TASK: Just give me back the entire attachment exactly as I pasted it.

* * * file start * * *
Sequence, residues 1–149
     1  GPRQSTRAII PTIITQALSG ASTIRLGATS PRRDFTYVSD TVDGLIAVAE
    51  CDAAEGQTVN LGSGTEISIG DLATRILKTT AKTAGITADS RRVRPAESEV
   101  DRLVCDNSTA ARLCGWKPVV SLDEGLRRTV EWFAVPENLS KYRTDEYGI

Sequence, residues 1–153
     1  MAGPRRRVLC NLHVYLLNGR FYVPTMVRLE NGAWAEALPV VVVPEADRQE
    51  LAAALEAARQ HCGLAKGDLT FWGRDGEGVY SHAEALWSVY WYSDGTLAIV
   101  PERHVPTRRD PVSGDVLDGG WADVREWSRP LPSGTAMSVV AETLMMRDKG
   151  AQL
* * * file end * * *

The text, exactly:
Sequence, residues 1–149
     1  GPRQSTRAII PTIITQALSG ASTIRLGATS PRRDFTYVSD TVDGLIAVAE
    51  CDAAEGQTVN LGSGTEISIG DLATRILKTT AKTAGITADS RRVRPAESEV
   101  DRLVCDNSTA ARLCGWKPVV SLDEGLRRTV EWFAVPENLS KYRTDEYGI

Sequence, residues 1–153
     1  MAGPRRRVLC NLHVYLLNGR FYVPTMVRLE NGAWAEALPV VVVPEADRQE
    51  LAAALEAARQ HCGLAKGDLT FWGRDGEGVY SHAEALWSVY WYSDGTLAIV
   101  PERHVPTRRD PVSGDVLDGG WADVREWSRP LPSGTAMSVV AETLMMRDKG
   151  AQL